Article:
Alexander Hay

By Alexander Hay, Policy & Communications Consultant, talking with Eric Rexstad, University of St. Andrews.

This article is part of our series: Breaking Software Barriers, in which we investigate how our Research Software Group has helped projects improve their research software. If you would like help with your software, let us know.

Abundance is a good thing not just for animals, but also for the researchers studying them. This study is, however, harder than it sounds, which is why it is an area of particular interest for Eric Rexstad, research fellow at the University of St. Andrews' Centre for Research into Ecological and Environmental Modelling

The exact term for this is Distance Sampling, where population numbers of a particular species in a certain area are estimated. For example, "how many harbour porpoises live in the North Sea?" as Eric puts it. Yet this leads onto more complex questions - in particular, how do animal populations react to perturbations or changes in the local environment, such as those caused by pollution or development?

Distance gets distant

One attempt to gauge this more complex picture is…

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By Alexander Hay, the Institute’s Policy & Communications Consultant, talking with Andreas Hegar, CGAT.

This article is part of our series: Breaking Software Barriers, in which Alexander Hay investigates how our Research Software Group has helped projects improve their research software. If you would like help with your software, let us know.

Life Sciences often suffer from a lack of programming skills. This isn’t always a problem – you don’t need to know how to code in order to gauge the diurnal eating habits of squirrels, for example – but it does become an issue when you need to work with large datasets.

This is a growing problem. Next Generation sequencing techniques produce vastly more data than ever before, and more people are needed to properly handle this and analyse it. Many life scientists do not need these skills, or at least, have not needed them until recently. The most sensible solution to this, then, is to train biologists these skills.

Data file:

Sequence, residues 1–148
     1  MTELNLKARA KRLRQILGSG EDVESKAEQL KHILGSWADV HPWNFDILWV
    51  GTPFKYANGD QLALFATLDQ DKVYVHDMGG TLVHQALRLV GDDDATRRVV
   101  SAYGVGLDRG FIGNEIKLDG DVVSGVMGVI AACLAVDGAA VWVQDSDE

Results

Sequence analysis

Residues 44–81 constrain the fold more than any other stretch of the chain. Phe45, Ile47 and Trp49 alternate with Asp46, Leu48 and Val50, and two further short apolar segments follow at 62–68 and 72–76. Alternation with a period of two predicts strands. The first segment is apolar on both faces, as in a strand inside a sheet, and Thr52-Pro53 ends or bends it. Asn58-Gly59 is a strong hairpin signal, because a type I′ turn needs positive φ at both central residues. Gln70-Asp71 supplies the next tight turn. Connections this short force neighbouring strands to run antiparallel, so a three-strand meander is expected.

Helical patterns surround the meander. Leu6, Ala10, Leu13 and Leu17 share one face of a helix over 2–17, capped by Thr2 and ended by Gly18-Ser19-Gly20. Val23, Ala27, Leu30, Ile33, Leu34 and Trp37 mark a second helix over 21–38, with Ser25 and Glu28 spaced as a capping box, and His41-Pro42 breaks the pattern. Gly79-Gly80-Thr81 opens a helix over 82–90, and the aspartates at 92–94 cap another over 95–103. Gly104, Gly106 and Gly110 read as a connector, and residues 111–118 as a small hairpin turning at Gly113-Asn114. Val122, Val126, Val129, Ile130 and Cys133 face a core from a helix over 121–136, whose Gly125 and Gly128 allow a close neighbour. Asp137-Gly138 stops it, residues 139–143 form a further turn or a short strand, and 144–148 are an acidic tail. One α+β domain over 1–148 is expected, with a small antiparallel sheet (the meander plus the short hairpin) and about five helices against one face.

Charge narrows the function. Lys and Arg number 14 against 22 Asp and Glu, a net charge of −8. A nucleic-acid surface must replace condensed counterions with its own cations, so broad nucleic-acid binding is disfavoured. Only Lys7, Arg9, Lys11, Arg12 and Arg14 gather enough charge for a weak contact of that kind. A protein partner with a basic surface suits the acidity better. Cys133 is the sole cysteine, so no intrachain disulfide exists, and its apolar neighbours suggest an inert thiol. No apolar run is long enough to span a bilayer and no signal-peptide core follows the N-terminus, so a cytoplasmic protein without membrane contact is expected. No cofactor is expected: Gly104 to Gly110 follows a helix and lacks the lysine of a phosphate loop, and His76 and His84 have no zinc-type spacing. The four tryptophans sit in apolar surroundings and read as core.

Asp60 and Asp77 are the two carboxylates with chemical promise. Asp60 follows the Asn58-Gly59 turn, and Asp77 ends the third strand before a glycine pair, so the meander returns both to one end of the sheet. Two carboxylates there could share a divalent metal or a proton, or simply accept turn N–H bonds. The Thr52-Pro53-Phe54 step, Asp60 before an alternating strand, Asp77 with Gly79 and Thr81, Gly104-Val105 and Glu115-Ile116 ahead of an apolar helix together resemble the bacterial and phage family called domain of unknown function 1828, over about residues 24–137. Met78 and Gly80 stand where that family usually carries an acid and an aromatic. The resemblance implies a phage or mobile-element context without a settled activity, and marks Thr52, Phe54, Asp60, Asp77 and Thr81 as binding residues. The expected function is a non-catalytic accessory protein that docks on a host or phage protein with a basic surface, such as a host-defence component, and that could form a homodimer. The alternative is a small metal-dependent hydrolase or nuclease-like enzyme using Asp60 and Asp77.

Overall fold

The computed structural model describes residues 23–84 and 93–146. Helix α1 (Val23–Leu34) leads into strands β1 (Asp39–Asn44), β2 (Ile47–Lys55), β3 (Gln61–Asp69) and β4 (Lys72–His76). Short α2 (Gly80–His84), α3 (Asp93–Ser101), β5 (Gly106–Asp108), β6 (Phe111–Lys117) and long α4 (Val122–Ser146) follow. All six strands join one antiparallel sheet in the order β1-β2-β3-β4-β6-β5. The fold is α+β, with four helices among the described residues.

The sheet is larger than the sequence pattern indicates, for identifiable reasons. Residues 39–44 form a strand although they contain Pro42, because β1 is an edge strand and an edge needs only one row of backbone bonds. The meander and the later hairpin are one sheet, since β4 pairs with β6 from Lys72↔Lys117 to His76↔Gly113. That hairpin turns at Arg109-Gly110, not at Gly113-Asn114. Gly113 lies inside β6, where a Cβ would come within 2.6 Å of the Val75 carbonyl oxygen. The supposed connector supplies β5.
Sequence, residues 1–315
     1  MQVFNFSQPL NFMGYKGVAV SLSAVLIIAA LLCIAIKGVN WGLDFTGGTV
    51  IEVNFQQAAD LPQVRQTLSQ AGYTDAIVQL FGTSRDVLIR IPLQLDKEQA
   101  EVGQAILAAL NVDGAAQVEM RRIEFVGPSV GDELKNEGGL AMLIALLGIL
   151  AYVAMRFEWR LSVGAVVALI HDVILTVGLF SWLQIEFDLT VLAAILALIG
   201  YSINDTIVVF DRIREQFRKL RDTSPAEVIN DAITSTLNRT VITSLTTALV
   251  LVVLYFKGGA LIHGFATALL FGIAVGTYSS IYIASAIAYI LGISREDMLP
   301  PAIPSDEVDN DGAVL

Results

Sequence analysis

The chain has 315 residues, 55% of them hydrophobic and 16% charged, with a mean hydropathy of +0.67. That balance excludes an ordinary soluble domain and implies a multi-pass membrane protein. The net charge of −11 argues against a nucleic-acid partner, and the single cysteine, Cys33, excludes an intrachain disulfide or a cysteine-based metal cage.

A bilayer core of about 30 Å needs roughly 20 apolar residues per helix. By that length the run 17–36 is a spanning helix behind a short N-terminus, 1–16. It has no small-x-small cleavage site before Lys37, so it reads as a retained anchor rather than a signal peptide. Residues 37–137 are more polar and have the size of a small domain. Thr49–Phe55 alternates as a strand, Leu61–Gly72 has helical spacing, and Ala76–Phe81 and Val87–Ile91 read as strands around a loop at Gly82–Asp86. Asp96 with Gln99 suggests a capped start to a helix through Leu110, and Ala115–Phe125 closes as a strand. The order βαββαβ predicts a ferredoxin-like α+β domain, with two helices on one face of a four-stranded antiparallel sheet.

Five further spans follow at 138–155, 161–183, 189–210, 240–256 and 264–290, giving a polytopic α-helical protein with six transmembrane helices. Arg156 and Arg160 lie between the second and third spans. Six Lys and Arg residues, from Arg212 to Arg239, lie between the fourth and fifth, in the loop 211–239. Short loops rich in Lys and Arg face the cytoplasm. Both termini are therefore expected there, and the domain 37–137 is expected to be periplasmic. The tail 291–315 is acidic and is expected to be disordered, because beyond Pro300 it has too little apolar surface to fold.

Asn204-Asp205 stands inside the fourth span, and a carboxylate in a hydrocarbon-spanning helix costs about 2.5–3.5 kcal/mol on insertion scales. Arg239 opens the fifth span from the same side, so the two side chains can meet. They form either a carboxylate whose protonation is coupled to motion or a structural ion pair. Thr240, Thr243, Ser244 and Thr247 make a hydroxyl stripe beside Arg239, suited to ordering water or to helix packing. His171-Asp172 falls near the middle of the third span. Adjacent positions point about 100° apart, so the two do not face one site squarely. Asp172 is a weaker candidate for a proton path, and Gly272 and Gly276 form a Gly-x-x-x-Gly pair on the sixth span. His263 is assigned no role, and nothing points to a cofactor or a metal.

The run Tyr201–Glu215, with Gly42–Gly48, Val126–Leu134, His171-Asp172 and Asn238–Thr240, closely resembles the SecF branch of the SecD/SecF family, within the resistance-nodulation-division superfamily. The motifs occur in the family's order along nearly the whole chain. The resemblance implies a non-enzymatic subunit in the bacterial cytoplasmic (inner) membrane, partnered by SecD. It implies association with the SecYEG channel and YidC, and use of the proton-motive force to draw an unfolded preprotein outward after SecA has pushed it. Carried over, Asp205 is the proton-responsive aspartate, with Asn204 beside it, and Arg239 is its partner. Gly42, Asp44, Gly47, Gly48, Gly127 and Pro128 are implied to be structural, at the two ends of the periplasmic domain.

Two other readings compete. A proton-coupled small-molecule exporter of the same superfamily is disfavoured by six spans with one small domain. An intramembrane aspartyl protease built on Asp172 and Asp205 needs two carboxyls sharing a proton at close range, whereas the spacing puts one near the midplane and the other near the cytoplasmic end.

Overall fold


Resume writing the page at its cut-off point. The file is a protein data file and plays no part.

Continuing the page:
Enter CGAT

One solution to this problem is Computational Genomics: Analysis and Training, or CGAT, based at the MRC Functional Genomics Unit at the University of Oxford. This is run by a core staff of five, which includes Technical Director Dr Andreas Hegar, and was founded as a…

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This year's Collaboration Workshop took place between March 26th and 28th at the Oxford e-Research Centre, was a great success. Its theme was software and reproducible research, and ended with a special Hackday where competing teams coded against the clock to create the best software.

Our sponsors this year were Microsoft, GitHub and the Oxford e-Research Centre itself, and we would in particular like to thank Kenji Takeda, Arfon Smith and the OeRC staff for all their help, not to mention all our attendees!

Naturally, lots of tweeting relating to the Workshop (and its hashtag, #CW14) took place before, during and after the event. So here are some of the best and most revealing tweets that resulted, including manatees, rabbits, pizza, writing on the walls and "hardcore Python deployment."

Make sure your press release is a right 'ribbiting' read...By Simon Hettrick and Alexander Hay.

Whether you're researching a cure for cancer or the eating habits of the common toad, every now and then you'll want to tell the outside world about your research. It's time for a press release! Here are our five top tips on preparing one.

1. Do you need professional help?